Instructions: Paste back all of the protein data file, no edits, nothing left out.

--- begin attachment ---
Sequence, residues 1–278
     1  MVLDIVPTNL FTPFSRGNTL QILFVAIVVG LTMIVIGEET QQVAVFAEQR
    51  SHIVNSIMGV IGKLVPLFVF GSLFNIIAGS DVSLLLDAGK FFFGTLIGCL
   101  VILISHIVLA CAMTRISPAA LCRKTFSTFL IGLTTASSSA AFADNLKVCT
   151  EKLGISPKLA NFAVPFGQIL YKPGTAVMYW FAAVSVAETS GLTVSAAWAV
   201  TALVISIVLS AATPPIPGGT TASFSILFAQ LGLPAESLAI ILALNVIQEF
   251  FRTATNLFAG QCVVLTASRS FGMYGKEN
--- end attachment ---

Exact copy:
Sequence, residues 1–278
     1  MVLDIVPTNL FTPFSRGNTL QILFVAIVVG LTMIVIGEET QQVAVFAEQR
    51  SHIVNSIMGV IGKLVPLFVF GSLFNIIAGS DVSLLLDAGK FFFGTLIGCL
   101  VILISHIVLA CAMTRISPAA LCRKTFSTFL IGLTTASSSA AFADNLKVCT
   151  EKLGISPKLA NFAVPFGQIL YKPGTAVMYW FAAVSVAETS GLTVSAAWAV
   201  TALVISIVLS AATPPIPGGT TASFSILFAQ LGLPAESLAI ILALNVIQEF
   251  FRTATNLFAG QCVVLTASRS FGMYGKEN